Clopper, Lawrence M., Jr. 1941-
CLOPPER, Lawrence M., Jr. 1941-
Born 1941. Education: Johns Hopkins University, B.A., 1963; Ohio State University, M.A., 1965, Ph.D., 1969.
Office—Department of English, 442 Ballantine Hall, 1020 E. Kirkwood Ave., Indiana University, Bloomington, IN 47405-7103. E-mail—[email protected].
Educator. College of Arts and Sciences, Indiana University, Bloomington, IN, professor of English. Editorial board member of Early Drama.
Medieval and Renaissance Drama Society (vice president, 1990-94, president, 1994-98).
Grants from American Council of Learned Societies, 1974, 1978; National Endowment for the Humanities, 1972, 1976-77, 1986; American Philosophical Society, 1975, 1978; and Indiana University, 1985, 1989; Guggenheim fellowship, 1994-95.
(Editor) Chester (Volume 3, "Records of Early English Drama" series), University of Toronto (Buffalo, NY), 1979.
(Editor, with James J. Paxson and Sylvia Tomasch) The Performance of Middle-English Culture: Essays on Chaucer and the Drama in Honor of Martin Stevens, D. S. Brewer (Rochester, NY), 1998.
Drama, Play, and Game: English Festive Culture in the Medieval and Early Modern Period, University of Chicago Press (Chicago, IL), 2001.
Contributor to books, including The Cambridge History of Medieval English Literature, edited by David Wallace, Cambridge University Press (Cambridge, England), 1998; contributor to academic journals, including Modern Philology.
Lawrence M. Clopper, Jr., whose research interests include medieval literature, culture, and intellectual history, and Middle English and early modern drama, is the author or editor of a number of volumes, including Chester, which contains documentation of the dramatic activities of that English town from approximately 1268 to 1642, including records of craft guilds, cathedral records, and antiquarian records. The volume is the third in the "Records of Early English Drama" series and focuses on the town noted for its Whitsun play cycle, which was performed until 1575. The records are valuable not only in the study of theater and drama, but also with regard to music, the performing arts, and popular culture and contain references to minstrel-performed musicals, secular drama, and bear and bull baiting. Alan H. Nelson noted in Modern Language Review that "the Chester antiquarians were interested not only in drama per se, but in various civic entertainments such as the Midsummer procession and the horse race on St. George's day. This volume, as a consequence, will prove of particular interest to historians, folklorists, and cultural anthropologists, as well as to historians of the drama in the strict sense." Comparative Drama's Peter W. Travis felt that "the glory of the volume is of course the 465 pages of the records themselves, printed chronologically from beginning to end without a single editorial gloss. Up to the year 1590 or so, they make for fascinating reading, a 'history-mystery-drama' in their own right."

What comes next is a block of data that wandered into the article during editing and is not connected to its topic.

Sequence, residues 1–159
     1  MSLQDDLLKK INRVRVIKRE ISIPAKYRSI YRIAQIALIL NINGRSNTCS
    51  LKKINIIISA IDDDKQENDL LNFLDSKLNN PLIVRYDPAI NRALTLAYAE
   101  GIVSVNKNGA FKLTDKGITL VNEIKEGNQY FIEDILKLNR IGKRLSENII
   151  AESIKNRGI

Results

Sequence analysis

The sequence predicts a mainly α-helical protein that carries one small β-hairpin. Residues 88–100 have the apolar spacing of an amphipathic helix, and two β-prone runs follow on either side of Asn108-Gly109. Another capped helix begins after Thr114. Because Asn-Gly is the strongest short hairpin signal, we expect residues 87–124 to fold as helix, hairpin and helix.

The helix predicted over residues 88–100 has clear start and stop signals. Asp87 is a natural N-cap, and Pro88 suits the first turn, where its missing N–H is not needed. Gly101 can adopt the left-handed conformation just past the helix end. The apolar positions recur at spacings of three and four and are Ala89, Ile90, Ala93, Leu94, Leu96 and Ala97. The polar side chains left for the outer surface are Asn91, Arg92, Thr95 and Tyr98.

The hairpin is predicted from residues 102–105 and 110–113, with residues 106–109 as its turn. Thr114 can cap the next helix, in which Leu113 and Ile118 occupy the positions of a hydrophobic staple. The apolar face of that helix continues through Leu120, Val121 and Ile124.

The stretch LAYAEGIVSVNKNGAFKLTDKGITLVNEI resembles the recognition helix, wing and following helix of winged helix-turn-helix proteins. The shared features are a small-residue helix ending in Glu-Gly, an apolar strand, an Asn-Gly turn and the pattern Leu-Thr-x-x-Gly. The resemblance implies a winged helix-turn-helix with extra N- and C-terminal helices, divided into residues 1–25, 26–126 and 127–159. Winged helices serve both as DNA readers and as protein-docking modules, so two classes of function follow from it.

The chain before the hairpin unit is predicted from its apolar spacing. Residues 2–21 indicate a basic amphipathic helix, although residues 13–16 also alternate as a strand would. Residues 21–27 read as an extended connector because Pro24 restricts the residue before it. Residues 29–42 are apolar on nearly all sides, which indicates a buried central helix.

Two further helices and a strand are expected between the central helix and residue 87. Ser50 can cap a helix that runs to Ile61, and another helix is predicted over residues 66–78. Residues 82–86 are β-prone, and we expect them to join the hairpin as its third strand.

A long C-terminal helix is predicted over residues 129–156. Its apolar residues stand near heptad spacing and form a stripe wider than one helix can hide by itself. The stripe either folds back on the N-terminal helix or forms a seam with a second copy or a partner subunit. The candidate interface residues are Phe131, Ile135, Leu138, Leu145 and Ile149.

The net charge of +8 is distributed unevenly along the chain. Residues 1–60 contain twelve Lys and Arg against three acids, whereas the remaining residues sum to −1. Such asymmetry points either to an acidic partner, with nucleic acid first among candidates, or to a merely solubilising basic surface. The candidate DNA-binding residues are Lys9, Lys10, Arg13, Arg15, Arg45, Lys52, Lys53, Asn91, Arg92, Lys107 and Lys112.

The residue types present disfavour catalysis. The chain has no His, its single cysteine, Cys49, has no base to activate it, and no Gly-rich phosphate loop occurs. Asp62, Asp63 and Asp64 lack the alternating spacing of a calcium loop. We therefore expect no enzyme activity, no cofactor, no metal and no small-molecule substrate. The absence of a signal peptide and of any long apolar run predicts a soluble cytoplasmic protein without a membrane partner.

Richard K. Emmerson wrote in the Catholic Historical Review that Clopper's "provocative, challenging, and fascinating" Songes of Rechelesnesse: Langland and the Franciscans, "is one of the most important studies of William Langland's 'Piers Plowman' published in the past twenty years. It confronts directly the commonplace view that this fourteenth-century poem—along with Chaucer's 'Summoner's Tale'—is the artistic culmination of the antifraternal tradition in England." The first three chapters of the eight-chapter volume connect Langland with Franciscan ideology, and the last five study the theme of the poem and its relevance to Franciscan issues and Clopper's view of Langland's politics. In the afterword Clopper contends that, at some point in his life, Langland most likely belonged to the Franciscan order.
The Performance of Middle-English Culture: Essays on Chaucer and the Drama in Honor of Martin Stevens is dedicated to Stevens on his retirement as Distinguished Professor of English at City University of New York and dean of Baruch College. The eleven essays address literal performances as seen on stage and in religious and civic ceremonies and discuss their place in the culture in which they occurred. E. A. Jones commented in Notes and Queries that "it is striking that the collocation of Chaucer and the drama can still seem to carry an almost interdisciplinary force."